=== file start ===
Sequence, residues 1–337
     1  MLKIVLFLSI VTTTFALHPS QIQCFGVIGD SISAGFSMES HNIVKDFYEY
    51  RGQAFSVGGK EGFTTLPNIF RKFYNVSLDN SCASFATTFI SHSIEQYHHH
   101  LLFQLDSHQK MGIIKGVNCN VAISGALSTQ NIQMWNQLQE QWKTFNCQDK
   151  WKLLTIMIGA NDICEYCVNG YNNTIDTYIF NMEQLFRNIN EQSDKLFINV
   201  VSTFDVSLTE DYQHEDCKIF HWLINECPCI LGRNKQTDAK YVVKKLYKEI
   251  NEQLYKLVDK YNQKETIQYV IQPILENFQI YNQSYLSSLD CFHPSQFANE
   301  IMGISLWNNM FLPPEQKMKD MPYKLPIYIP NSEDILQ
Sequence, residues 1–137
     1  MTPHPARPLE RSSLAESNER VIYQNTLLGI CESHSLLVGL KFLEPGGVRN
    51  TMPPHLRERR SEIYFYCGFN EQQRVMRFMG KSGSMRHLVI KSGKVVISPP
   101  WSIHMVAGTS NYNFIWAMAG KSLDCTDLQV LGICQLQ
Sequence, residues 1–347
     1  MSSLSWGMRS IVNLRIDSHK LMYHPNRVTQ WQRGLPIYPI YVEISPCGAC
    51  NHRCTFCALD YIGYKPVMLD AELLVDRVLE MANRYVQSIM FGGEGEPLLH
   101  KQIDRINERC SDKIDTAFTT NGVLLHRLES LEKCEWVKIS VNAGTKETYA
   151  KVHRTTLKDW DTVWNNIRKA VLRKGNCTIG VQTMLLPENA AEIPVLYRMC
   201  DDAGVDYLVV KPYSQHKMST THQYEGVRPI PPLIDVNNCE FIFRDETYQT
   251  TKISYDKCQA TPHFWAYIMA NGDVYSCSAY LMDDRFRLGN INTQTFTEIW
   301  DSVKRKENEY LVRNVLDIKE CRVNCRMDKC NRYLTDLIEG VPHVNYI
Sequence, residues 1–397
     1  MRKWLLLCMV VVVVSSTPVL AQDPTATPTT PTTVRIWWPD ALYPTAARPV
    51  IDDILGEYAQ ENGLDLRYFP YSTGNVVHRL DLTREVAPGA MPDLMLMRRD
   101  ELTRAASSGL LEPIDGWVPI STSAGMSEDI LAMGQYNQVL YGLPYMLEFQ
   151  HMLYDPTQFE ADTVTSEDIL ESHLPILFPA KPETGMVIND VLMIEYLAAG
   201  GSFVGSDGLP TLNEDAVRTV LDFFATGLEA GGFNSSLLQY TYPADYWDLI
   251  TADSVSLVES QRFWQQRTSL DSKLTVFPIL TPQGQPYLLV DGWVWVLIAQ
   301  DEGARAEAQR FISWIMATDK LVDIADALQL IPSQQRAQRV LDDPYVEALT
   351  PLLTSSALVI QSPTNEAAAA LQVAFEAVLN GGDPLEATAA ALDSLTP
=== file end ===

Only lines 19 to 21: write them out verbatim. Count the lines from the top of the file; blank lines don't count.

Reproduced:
   251  TKISYDKCQA TPHFWAYIMA NGDVYSCSAY LMDDRFRLGN INTQTFTEIW
   301  DSVKRKENEY LVRNVLDIKE CRVNCRMDKC NRYLTDLIEG VPHVNYI
Sequence, residues 1–397